Reasons why Humans want to Explore Space Aug 18, 2019 6:21:47 GMT -5
Post by Radrook Admin on Aug 18, 2019 6:21:47 GMT -5
Reasons why Humans want to Explore Space
There are various reasons why humans are very interested in space exploration. The reason that readily comes to most people's minds is curiosity, or need to know. The same curiosity that sends humans to the deepest areas of our oceans, such as the Mariana Trench or to unexplored areas of dry land such as deep into the Amazon Jungle and int to the vast frigid interior of the Antarctica or down into the unexplored underwater caves. It's the same curiosity that impels us to probe the microscopic realities of the quantum universe and causes us to ponder about other dimensions and realms might lie just just beyond our meager reach. We need to know what is or there in that seemingly endless enigmatic, seemingly endless darkness of space and so we reach out with our feeble instruments in order to get our answers and yearn to see the yet humanly unseen wonders that might lie beyond.
But there are also much more mundane reasons for the human desire to explore. One is the human survival of a worldwide catastrophe that might render Earth unfit for human habitation. Those who don't believe in a creator imagine some asteroid, comet or even rogue star, world or rogue black hole that might come barreling out of the darkness straight for us. Also, they consider a global disaster that would make escaping underground, as humans are shown doing in the film Matrix, an impossibility a good reason to have somewhere else to go.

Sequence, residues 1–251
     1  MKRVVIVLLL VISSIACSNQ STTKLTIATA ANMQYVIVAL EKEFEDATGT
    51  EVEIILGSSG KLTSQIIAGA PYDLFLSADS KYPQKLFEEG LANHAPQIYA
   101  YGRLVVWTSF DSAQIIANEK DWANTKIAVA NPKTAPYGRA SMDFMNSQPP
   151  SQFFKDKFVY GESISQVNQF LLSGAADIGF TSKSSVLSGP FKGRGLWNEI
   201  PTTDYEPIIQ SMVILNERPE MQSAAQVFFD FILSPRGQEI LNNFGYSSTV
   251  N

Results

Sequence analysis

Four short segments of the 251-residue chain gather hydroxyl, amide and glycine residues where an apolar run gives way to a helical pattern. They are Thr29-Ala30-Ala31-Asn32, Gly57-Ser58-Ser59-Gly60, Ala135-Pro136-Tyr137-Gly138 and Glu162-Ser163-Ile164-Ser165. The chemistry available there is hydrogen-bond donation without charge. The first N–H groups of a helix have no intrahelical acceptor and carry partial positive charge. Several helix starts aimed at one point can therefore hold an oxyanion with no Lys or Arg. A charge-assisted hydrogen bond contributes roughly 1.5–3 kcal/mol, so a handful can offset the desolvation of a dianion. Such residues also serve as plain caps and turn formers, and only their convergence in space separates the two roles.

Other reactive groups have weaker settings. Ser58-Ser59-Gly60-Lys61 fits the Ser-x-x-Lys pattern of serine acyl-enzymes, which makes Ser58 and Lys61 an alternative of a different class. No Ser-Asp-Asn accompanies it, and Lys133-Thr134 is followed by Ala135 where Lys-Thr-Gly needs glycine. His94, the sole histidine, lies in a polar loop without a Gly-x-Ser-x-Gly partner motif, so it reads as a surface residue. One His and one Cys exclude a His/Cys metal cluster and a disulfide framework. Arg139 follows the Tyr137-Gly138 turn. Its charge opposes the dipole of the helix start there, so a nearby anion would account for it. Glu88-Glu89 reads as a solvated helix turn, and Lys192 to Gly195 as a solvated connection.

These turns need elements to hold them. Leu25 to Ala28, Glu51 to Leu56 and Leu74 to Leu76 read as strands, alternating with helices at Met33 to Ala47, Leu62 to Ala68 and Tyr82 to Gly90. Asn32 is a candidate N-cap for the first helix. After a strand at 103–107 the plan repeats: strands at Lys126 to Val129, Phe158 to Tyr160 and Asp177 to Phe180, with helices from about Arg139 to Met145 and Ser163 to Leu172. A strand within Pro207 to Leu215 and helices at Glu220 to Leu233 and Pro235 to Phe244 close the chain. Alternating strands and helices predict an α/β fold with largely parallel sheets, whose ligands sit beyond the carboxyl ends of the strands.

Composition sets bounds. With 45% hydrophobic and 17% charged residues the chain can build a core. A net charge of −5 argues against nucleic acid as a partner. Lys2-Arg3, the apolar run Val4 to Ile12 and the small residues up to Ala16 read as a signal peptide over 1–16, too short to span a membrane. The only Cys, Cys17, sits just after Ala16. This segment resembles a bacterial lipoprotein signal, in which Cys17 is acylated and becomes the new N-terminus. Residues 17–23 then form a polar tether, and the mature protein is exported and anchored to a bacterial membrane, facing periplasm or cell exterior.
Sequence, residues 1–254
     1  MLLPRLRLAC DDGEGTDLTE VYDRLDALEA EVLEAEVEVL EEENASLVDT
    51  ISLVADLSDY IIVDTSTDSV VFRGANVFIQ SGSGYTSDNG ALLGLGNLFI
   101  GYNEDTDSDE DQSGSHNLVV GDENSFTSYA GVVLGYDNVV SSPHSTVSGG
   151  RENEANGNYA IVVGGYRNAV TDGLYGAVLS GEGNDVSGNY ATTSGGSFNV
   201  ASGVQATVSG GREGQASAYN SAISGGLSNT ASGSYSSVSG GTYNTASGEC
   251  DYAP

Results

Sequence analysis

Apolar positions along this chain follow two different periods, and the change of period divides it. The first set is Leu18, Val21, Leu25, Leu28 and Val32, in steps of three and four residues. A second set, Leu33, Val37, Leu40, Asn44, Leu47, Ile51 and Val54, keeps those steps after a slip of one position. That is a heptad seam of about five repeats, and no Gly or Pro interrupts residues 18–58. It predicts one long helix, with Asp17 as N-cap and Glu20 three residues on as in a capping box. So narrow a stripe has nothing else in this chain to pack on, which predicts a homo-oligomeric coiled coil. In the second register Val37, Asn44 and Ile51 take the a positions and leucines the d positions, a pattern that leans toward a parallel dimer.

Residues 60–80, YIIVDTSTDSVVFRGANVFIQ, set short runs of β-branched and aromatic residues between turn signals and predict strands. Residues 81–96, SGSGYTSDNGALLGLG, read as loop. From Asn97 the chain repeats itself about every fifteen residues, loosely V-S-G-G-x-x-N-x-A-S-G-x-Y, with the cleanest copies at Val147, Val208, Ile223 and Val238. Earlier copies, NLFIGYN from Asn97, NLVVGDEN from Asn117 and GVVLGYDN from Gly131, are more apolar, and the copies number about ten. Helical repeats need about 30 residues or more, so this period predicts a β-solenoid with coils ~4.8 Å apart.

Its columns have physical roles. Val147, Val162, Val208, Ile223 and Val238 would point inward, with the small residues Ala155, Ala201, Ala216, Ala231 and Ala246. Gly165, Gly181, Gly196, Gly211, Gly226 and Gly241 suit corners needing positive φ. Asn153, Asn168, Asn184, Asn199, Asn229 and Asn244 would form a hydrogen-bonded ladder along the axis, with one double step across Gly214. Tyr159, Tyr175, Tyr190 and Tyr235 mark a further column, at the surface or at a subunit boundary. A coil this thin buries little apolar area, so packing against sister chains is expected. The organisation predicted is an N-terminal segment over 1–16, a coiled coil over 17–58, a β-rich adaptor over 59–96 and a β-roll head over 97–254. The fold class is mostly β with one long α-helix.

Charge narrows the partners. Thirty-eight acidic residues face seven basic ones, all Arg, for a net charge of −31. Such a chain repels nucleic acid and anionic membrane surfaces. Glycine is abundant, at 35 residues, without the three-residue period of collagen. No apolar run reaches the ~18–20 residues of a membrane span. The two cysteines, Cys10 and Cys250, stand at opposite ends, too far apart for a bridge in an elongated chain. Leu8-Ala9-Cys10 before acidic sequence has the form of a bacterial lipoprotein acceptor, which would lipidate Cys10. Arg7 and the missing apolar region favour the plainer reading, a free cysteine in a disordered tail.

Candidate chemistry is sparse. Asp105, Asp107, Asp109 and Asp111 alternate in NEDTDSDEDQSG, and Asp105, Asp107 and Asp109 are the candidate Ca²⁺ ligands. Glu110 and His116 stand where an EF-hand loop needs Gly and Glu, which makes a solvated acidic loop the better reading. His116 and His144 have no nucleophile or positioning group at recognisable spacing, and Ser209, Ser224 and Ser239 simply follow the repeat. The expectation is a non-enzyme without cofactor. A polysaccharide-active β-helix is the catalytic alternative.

Or perhaps some nearby star that might have gone supernova. Or maybe some super-volcanic activity that might render our atmosphere unbreathable. Geologists tell us that geological global events have wiped out most of Earth's life before and such catastrophic have been offered as viable explanation supported by data which seem to confirm them. So having somewhere else in our solar system or beyond where to hide in order to survive as a species would provide them with a certain peace of mind.
Yet another reason for space exploration is to utilize the vast mineral resources that are out there. But before we gather such riches, we need to explore to see where they are located. The Lunar soil is one. The Asteroid belt is another. The atmospheres of the Gas giants Jupiter and Saturn giants rich in hydrogen are yet another. The conquistadors of the Americas were motivated by dreams of becoming rich and so are humans who are tempted by the tantalizing riches in space.
Asteroid Mining the Race for Space Riches
Outer space has extremely rich mineral resources, especially in the form of nickel and iron from iron-nickel asteroids. The asteroid 16 Psyche, a 200 km (125 mi) wide asteroid that makes up 1% of the material in the asteroid belt, contains 1.7 x 1019 kilograms of ore, enough to supply the 2007 world production requirement for millions of years. A more modest asteroid, just a kilometer in size, could contain billions of tonnes of iron-nickel ore. For reference, the annual world production of iron ore is about a billion tonnes. About 800 billion tonnes of iron ore resources exist worldwide, which seems like a lot, but if consumption rates continue to grow exponentially, it might be completely dug up in under a century, necessitating iron from elsewhere.